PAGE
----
WASHINGTON — The U.S. Air Force office responsible for the development of the B-21 bomber and X-37 space plane has been handed the reins of the Advanced Battle Management System program, the service’s top acquisition official announced Nov. 24.
The Air Force Rapid Capabilities Office will now share responsibilities for developing the ABMS with the service’s chief architect, Preston Dunlap. That will pave the way for the service to begin buying the system’s first elements as early as next year, Air Force acquisition executive Will Roper told reporters during a roundtable Tuesday.
Originally envisioned as a replacement for Air Force platforms like the E-8C JSTARS ground surveillance plane, ABMS has evolved into an Internet of Things for the military — a sprawling family of IT and communications gear meant to seamlessly connect the aircraft, sensors and other weapons systems.
For the past year, the Air Force has focused ABMS efforts on a series of on-ramp exercises meant to bring industry to the table and test whether off-the-shelf technology — everything from SpaceX’s Starlink constellation to artificial intelligence systems — could plug into the military’s existing platforms and provide better awareness of a battlespace.
Having proven that the technologies are available and work, the next step is to create a concrete plan to acquire them, Roper said.
“It’s a pretty no-brainer thing,” he said. “ABMS is ready for a program executive office.”
According to a memo sent from Roper to the Air Force’s acquisition workforce Tuesday, the chief architect will remain responsible for codifying ABMS’ technical requirements, overseeing on-ramp exercises, and approving the overall architecture and digital standards for the system.
Meanwhile, the Rapid Capabilities Office program executive has been tasked with conducting an audit of the program over the next 90 days, which will detail all efforts, contracts and resources associated with ABMS. That will inform the ABMS acquisition strategy, where the program office will lay out what it plans to buy and when that tech will be procured.
Most importantly, the RCO will have the difficult job of making trade-offs that impact legacy platforms, program offices and companies that span across the Air Force’s different mission areas, Roper said.
“It is the reality of this business that we are handed a budget that we don’t make, and we have to do our best job executing it. Rarely is there all the money that we said we needed to get the job done, so we prioritize across different programs,” he said.
“The thing I’m going to be looking to the RCO to do is ensure that we deliver usable, internet-type capabilities to the joint force and not more partial capabilities that don’t add up to the same operational effect,” he said. “I would rather have 70 percent of ABMS completed at [a] 100 percent level and be ready to be used operationally, than 100 percent of ABMS completed at a 70 percent level.”
The Air Force views ABMS as pivotal for executing the military’s Combined Joint All-Domain Command and Control concept, which seeks to link all of the military services’ sensors and shooters. Air Force Chief of Staff Gen. Charles Q. Brown listed the program as his second-most important modernization priority, during an interview this month with Defense News.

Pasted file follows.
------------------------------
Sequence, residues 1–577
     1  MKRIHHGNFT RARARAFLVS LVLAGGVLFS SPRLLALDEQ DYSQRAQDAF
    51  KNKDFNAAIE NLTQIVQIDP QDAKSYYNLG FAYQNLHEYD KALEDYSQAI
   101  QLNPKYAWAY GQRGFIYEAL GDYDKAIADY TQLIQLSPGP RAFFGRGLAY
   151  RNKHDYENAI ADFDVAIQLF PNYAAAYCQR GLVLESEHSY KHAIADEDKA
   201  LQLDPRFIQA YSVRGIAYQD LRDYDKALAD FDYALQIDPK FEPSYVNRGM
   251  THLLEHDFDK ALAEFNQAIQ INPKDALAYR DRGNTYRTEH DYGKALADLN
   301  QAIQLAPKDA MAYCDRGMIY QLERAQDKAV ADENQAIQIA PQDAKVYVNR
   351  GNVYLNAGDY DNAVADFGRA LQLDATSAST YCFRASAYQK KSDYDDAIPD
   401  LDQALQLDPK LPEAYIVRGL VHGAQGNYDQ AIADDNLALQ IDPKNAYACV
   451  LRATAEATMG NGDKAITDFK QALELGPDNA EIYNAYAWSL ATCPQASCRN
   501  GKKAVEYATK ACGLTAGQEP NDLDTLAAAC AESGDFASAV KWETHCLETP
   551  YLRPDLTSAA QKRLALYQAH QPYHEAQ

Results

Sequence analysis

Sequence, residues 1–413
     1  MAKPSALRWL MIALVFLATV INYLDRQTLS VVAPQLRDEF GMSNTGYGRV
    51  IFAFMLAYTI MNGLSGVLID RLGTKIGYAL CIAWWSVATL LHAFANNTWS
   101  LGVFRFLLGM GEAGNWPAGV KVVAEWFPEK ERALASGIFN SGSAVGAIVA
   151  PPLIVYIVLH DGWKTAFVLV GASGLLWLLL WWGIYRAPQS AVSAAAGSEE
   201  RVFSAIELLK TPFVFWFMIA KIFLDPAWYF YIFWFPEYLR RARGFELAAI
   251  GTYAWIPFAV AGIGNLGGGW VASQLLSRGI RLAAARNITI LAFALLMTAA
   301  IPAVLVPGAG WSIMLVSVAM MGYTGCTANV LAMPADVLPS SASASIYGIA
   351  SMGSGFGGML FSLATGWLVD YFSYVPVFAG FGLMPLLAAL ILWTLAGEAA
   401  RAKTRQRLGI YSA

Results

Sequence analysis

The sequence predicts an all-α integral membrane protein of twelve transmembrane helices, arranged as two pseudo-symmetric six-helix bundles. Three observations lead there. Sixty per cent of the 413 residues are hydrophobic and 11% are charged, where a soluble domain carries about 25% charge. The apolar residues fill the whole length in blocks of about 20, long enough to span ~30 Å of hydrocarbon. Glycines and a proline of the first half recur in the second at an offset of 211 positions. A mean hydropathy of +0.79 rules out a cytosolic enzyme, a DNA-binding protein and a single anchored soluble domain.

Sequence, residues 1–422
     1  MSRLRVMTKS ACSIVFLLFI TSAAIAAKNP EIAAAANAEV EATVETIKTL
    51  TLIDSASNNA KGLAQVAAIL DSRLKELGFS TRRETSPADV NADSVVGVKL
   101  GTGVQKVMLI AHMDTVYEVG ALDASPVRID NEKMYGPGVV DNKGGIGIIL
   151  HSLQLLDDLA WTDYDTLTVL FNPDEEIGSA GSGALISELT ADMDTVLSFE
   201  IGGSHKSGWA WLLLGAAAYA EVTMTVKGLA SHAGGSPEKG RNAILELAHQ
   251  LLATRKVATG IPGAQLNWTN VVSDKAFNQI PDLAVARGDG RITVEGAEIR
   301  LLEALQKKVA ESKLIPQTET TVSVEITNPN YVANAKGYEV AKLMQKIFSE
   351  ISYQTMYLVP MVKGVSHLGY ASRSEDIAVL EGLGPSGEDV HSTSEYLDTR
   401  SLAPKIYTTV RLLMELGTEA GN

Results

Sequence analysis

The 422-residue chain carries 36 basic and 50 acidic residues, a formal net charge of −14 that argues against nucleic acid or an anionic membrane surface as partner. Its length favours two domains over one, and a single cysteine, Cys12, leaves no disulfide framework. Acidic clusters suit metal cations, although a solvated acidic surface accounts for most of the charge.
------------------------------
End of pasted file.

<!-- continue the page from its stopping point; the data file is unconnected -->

However, Congress has been more reticent to buy into the program, raising concerns about the service’s lack of an acquisition strategy and detailed requirements.
That the RCO will now delineate a more thorough acquisition plan for ABMS is a “happy coincidence,” Roper said, though he expects it will help alleviate some of Congress’ concerns about the program.
“I’m not getting questions about how is the Air Force possibly going to build the internet,” he said. “I’m really getting: ‘Let’s talk about your baselines. Let’s talk about all of your documentation.’ That is a wonderful next set of questions to have.”
Roper expects that lawmakers will get onboard the ABMS program once the Air Force starts buying new capabilities — things like new radios, data fusion systems and mesh networks — and then consolidating the technologies inside pods and installing them on legacy aircraft. That could occur as early as next year.
So what platforms will likely receive modifications first? Roper said aerial refueling tankers — one model in particular — “might get to the goal line first.”
Once a tanker is a part of ABMS, “you can start talking about what’s its smart device function, meaning what does it do aside from its day job. Aside from just being a tanker, what else does it do? It’ll start allowing us to think about how ABMS changes the fight,” Roper said. “But there are other platforms hot on their tail.”
One of those other aircraft is likely Boeing’s F-15EX, with Boeing’s KC-46A as the tanker in question.
Last week, an unnamed official with knowledge of the ABMS program said that F-15EX and KC-46 would likely be “our first platforms that we will be bringing in some of the ABMS enhanced gateway capabilities on,” according to Janes. The official, who spoke at the virtual Defence iQ International Fighter Conference, was not named, as the event was conducted under the Chatham House Rule.
Valerie Insinna was Defense News' air warfare reporter. Beforehand, she worked the Navy and congressional beats for Defense Daily, which followed almost three years as a staff writer for National Defense Magazine. Prior to that, she worked as an editorial assistant for the Tokyo Shimbun’s Washington bureau.